Sophie sewed buttons on Michael's shirts and listened to Howl going through a spell with Michael. "I know I'm slapdash," he was saying, "but there's no need for you to copy me. Always read it right through, carefully, first. The shape of it should tell you a lot, whether it's self-fulfilling or self-discovering, or simple incantation, or mixed action and speech. When you've decided that, go through again and decide which bits mean what they say and which bits are put as a puzzle. You're getting on to the more powerful kinds now. You'll find every spell of power has at least one deliberate mistake or mystery in it to prevent accidents. You have to spot those. Now take this spell …" (6.15)

Howl's Moving Castle was published in 1986, twelve years before the first Harry Potter. Looking back, it's hard to remember how exciting it might have been to think about spells as something you could actually study, in the same way that you study chemistry or math. With the huge popularity of Hogwarts we've gotten totally used to the idea of a wizard school, but Jones got there long before Rowling with Michael's apprenticeship in this novel.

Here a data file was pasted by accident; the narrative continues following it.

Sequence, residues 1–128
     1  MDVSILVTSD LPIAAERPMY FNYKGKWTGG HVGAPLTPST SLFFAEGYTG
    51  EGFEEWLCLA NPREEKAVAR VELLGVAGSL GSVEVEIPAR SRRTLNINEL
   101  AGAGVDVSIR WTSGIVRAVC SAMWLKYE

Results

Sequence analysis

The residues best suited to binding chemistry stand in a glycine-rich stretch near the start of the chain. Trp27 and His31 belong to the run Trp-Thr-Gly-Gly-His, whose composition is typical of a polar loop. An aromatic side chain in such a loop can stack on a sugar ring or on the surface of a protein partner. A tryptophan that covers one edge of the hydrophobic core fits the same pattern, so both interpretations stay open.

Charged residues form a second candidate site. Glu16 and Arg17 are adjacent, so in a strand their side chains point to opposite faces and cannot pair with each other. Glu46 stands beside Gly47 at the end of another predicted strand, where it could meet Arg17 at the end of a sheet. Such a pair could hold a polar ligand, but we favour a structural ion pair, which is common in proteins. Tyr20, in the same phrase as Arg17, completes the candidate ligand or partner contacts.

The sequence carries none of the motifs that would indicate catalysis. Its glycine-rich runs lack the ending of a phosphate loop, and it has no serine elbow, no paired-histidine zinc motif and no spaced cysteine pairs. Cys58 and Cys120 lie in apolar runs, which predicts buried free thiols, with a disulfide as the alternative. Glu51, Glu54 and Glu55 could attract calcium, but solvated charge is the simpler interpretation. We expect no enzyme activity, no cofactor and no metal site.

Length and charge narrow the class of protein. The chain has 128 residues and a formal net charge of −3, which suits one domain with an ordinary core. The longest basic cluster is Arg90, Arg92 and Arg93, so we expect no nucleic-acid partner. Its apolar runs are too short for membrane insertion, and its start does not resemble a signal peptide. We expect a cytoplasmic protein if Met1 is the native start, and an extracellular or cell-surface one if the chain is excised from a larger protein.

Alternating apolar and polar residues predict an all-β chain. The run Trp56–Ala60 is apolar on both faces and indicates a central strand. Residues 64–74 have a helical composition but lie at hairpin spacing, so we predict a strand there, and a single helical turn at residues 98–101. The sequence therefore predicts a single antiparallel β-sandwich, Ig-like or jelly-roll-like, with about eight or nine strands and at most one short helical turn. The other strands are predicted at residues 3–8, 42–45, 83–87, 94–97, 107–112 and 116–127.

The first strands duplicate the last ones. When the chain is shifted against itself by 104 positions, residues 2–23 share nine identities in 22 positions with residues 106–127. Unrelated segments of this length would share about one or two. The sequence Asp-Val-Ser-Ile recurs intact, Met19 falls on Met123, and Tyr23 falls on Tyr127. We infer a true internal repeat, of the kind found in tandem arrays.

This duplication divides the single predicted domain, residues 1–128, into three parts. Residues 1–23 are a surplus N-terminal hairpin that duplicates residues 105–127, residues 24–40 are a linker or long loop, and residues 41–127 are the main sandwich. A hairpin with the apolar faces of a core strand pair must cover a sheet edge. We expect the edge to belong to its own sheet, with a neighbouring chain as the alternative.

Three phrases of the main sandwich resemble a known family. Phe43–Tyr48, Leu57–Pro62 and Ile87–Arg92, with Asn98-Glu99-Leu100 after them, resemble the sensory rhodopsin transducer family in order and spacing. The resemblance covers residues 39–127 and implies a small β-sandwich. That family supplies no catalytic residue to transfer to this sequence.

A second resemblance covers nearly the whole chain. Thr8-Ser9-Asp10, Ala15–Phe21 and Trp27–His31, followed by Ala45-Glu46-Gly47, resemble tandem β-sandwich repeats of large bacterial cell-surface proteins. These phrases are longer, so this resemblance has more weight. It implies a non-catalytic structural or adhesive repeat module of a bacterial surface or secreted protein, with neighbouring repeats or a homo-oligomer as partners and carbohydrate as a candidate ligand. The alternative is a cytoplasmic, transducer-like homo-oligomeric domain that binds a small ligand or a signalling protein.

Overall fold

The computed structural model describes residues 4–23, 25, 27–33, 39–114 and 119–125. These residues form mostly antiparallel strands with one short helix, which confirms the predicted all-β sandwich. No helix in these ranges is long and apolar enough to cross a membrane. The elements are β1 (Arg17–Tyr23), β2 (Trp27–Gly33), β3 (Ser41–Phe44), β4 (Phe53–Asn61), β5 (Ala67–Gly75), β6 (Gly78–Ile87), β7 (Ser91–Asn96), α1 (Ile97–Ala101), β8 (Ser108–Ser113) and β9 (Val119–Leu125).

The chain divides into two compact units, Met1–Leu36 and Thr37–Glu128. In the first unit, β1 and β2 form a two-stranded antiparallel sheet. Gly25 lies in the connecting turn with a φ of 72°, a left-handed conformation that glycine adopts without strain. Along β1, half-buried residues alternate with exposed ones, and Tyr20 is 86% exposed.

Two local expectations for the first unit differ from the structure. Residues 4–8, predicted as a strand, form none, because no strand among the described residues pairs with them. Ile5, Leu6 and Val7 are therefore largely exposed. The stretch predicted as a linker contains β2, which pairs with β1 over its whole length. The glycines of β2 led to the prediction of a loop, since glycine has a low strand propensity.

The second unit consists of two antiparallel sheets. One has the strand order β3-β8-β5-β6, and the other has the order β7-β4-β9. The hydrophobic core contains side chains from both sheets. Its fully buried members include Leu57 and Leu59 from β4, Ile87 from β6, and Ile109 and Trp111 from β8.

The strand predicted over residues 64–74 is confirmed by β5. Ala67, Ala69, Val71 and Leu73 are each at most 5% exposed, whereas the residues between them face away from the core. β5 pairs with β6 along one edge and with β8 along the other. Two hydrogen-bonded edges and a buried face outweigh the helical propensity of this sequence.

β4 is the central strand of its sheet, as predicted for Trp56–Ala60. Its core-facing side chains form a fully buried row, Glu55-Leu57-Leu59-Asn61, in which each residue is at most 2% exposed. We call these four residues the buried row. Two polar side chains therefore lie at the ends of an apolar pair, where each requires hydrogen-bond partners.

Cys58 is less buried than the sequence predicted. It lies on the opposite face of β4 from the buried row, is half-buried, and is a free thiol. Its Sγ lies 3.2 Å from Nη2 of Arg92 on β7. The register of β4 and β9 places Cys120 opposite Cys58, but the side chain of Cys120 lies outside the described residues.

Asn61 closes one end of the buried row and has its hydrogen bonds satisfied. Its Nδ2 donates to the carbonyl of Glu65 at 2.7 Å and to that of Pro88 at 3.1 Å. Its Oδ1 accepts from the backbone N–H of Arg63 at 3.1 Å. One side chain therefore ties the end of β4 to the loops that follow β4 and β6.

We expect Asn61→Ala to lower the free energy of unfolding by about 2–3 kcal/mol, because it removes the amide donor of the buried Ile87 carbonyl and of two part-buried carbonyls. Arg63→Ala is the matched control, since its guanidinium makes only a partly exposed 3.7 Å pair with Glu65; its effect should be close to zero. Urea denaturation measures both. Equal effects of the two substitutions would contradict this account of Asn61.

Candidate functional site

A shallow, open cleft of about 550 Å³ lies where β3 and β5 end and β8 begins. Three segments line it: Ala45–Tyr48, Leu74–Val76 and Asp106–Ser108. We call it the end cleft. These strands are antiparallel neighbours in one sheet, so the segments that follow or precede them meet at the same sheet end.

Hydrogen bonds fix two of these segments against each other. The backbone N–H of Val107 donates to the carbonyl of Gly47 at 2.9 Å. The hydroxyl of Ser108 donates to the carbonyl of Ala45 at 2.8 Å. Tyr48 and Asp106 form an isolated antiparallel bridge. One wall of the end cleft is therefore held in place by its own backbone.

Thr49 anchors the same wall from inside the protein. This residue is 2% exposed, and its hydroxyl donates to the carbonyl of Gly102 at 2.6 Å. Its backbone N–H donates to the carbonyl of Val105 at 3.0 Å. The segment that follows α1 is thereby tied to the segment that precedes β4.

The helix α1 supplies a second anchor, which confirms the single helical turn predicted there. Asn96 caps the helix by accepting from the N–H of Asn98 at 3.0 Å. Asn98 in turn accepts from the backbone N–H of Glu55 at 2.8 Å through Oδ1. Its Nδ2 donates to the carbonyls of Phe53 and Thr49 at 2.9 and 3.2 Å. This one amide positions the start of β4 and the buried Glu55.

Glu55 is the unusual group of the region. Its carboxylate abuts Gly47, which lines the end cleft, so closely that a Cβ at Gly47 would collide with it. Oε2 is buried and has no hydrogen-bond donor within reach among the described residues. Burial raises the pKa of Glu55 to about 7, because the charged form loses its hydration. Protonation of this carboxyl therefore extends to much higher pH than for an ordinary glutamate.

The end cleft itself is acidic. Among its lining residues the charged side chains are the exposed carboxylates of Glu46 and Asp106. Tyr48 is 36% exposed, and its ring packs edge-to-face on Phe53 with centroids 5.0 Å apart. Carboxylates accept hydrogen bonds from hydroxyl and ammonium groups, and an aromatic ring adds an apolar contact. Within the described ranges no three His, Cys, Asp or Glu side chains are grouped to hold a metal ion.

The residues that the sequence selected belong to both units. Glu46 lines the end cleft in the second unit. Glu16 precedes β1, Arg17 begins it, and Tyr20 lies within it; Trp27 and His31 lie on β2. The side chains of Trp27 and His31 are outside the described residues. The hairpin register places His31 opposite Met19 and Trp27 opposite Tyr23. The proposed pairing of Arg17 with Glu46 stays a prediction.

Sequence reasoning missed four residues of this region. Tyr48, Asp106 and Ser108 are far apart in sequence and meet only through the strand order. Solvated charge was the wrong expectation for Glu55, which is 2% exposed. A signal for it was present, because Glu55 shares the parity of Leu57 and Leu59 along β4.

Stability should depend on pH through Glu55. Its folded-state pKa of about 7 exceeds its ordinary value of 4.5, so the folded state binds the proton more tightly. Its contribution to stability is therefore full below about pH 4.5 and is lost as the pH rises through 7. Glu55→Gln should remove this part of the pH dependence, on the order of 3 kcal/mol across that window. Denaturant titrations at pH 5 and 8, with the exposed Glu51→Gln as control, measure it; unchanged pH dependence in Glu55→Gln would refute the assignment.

The room turned dim. Huge, cloudy, human-looking shapes bellied up in all four corners and advanced on Sophie and Michael, howling as they came. The howls began as moaning horror, and went up to despairing brays, and then up again to screams of pain and terror. Sophie pressed her hands to her ears, but the screams pressed through her hands, louder and louder still, more horrible every second. Calcifer shrank hurriedly down in the grate and flickered his way under his lowest log. Michael grabbed Sophie by her elbow and dragged her to the door. (6.67)